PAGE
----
Sheriff Robert Luna backtracks, says fraud investigation was handed over to FBI

Los Angeles County Sheriff Robert Luna
Los Angeles County Sheriff Robert Luna speaks after being sworn in at a ceremony in December.
(Damian Dovarganes / Associated Press)

Days after Sheriff Robert Luna confirmed turning an investigation into suspected gun permitting fraud over to state prosecutors, the department on Thursday walked back that statement and said the matter had instead been turned over to federal authorities.

During an interview with the Los Angeles Times on Monday, Luna said it would have been a “conflict of interest” for the Sheriff’s Department to handle the case, and that once he took office he’d make sure to send the matter elsewhere, just as he’d suggested on the campaign trail.

“When I got here, we did turn it over to the state attorney general’s office,” he said during an interview at the Hall of Justice. “That had no business being in this building.”

After The Times published a story Thursday morning about the case, Jason Skeen — Luna’s chief of staff — reached out to say the sheriff had misspoken, and, in fact, the matter had not been referred to state prosecutors.


“Investigators met with the FBI,” Skeen said. “That was toward the end of January.”

An FBI spokeswoman would not confirm or deny the meeting, or the investigation. But after initially deferring to local authorities, a spokesperson for the California attorney general confirmed Thursday that the Sheriff’s Department did not hand off the case to that office.

News of the investigation first became public last year, when two deputies were relieved of duty and a Monterey Park gun store was raided. The actions were part of a probe that officials said stemmed from the discovery of “irregularities” in the process for issuing licenses to carry concealed weapons, also known as CCW permits.

Then-Sheriff Alex Villanueva put his often-criticized Public Corruption Unit in charge of the investigation, which he said had begun in late 2021.

In a news release in September, the department said detectives had served warrants at “multiple locations regarding weapon law violations” and, in the process, seized evidence involving “individuals who appear to have been involved in a possible long-term scheme to defraud the citizens of Los Angeles County.”

The release included few details about the specific allegations. But, a few weeks later, The Times published an investigation into the department’s handling of concealed carry permits. The Times found that among the thousands who received such permits were dozens of Villanueva donors and other people linked to him. Several gave questionable reasons for needing to be armed, received their permits more quickly than average or were assisted by two deputies who worked directly for Villanueva.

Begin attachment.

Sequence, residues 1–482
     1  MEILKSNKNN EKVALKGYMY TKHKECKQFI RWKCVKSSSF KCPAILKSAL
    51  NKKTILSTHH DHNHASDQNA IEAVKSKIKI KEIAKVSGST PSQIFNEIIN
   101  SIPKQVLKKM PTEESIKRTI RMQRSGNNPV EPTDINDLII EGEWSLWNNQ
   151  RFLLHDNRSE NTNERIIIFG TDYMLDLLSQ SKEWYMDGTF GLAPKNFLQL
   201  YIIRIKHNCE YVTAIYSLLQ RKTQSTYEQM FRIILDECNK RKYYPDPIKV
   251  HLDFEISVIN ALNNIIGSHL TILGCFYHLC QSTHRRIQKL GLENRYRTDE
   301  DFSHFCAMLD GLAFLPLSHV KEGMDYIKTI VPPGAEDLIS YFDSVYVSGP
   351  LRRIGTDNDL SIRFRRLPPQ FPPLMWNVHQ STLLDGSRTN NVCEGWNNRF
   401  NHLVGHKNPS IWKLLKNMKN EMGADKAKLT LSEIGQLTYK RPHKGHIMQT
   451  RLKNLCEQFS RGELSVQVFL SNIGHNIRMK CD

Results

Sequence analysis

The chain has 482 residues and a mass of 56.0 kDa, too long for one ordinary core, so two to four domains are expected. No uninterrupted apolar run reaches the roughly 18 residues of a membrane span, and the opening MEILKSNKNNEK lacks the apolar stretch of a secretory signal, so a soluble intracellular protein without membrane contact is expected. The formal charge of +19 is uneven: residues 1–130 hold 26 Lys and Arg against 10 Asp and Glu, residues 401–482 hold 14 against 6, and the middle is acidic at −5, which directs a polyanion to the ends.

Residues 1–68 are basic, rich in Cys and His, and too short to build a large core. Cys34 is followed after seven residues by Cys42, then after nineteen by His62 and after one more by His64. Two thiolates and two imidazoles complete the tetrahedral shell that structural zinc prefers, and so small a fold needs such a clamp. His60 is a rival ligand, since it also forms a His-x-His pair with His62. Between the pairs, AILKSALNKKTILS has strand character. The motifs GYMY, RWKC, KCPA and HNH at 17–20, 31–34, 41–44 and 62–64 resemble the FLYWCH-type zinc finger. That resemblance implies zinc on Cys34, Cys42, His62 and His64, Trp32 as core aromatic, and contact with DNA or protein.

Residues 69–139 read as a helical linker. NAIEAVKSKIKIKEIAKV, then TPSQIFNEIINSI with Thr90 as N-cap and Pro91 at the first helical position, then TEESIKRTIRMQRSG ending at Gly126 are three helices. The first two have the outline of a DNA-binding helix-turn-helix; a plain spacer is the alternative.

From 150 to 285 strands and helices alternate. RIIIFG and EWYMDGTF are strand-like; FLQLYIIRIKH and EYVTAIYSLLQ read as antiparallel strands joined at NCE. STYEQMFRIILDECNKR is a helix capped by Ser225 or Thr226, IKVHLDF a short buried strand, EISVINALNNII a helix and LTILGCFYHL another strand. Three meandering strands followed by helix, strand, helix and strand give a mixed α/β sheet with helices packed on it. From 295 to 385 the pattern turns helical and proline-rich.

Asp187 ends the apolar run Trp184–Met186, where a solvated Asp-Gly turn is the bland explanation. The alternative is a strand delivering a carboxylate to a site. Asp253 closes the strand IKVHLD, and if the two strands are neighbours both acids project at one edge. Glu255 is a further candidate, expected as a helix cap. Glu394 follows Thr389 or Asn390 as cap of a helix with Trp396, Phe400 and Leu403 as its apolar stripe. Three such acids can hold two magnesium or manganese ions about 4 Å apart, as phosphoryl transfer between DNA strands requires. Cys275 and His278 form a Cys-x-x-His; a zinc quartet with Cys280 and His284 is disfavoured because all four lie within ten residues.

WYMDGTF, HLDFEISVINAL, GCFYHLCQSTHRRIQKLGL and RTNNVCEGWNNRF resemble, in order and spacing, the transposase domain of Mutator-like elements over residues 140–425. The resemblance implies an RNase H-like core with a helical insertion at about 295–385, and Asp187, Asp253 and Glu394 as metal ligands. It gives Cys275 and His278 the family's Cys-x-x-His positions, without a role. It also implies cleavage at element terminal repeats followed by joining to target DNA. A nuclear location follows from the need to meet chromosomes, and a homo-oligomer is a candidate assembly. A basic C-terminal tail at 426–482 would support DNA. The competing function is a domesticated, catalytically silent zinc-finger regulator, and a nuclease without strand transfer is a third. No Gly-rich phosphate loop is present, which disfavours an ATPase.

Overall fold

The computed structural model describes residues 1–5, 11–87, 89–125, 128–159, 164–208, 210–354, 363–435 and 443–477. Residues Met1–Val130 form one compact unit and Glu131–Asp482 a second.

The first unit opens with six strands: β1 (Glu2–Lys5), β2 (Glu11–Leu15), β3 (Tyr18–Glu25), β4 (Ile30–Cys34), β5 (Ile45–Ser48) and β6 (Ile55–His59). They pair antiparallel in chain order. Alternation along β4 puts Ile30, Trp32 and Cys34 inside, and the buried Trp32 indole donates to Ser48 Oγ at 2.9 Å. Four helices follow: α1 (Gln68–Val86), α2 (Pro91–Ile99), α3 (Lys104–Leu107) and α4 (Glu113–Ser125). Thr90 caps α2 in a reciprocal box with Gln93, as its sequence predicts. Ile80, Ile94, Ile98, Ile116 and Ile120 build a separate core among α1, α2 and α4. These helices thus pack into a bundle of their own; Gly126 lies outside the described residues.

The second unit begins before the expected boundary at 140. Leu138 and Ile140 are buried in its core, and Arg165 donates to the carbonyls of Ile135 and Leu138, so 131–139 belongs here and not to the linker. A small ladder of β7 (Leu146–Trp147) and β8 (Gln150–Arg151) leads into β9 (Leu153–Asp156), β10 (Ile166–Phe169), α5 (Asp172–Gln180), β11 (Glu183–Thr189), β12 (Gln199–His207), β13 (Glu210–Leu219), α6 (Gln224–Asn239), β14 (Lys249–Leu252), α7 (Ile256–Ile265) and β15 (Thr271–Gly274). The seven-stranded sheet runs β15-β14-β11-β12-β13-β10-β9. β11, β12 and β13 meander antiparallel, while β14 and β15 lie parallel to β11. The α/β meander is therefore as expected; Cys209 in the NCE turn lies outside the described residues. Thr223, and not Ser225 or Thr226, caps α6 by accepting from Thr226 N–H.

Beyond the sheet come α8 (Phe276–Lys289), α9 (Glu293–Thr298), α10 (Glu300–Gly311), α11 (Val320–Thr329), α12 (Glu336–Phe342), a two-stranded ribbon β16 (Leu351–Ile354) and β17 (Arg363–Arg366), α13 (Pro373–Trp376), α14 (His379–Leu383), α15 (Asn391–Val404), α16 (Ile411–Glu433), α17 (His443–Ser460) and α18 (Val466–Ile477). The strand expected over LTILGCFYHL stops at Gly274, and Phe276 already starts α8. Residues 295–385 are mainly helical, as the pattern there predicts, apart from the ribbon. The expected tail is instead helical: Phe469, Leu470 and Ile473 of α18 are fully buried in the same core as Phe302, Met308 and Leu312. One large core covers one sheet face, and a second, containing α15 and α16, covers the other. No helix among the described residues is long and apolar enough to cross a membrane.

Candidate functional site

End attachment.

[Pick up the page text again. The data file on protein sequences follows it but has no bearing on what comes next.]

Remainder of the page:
Those deputies — Gisel Del Real and Carrie Robles — were each relieved of duty in September, and detectives showed up at Del Real’s home to ask her questions and seize evidence.

Three months later, Del Real and Robles filed a lawsuit in state court, alleging that they’d been sexually harassed at work as early as 2020 and that they’d only been put under criminal investigation in retaliation for reporting the harassment.

On the campaign trail, Luna criticized Villanueva’s handling of the case, saying “the sheriff should not, and cannot investigate himself.”

In emails this week, Villanueva said that was never the case, and that he was “deliberately walled off from any involvement and decision making” regarding Public Corruption Unit investigations.

That unit, he said, had contacted “both state and federal law enforcement agencies for assistance” before the department’s Internal Criminal Investigation Bureau took charge of the case.

Then in January, after Luna took office, sheriff’s investigators started talking with the FBI. According to Skeen, those conversations eventually led to a meeting, and the Sheriff’s Department handed off the case.

Following this week’s interview when the sheriff mistakenly said the matter had been forwarded to the state attorney general, Skeen said he and the sheriff spoke briefly about the case Wednesday and decided to double-check their facts internally.

The two later realized that it had in fact been handed over to the FBI.

The U.S. attorney’s office did not immediately comment on whether federal prosecutors have become involved.